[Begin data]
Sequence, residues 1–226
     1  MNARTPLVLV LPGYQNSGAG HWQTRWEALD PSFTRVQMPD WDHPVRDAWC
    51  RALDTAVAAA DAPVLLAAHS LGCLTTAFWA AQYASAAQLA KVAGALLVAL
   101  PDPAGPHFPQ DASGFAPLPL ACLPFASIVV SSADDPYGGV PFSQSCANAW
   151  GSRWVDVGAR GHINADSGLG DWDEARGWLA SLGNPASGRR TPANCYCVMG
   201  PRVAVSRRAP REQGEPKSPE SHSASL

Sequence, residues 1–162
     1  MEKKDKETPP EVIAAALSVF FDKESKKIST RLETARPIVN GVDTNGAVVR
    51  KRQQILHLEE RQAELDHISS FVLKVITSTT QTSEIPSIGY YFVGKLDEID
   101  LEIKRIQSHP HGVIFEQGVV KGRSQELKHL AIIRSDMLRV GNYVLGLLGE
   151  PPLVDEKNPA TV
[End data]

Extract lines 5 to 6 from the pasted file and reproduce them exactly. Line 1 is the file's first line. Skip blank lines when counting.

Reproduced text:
   151  GSRWVDVGAR GHINADSGLG DWDEARGWLA SLGNPASGRR TPANCYCVMG
   201  PRVAVSRRAP REQGEPKSPE SHSASL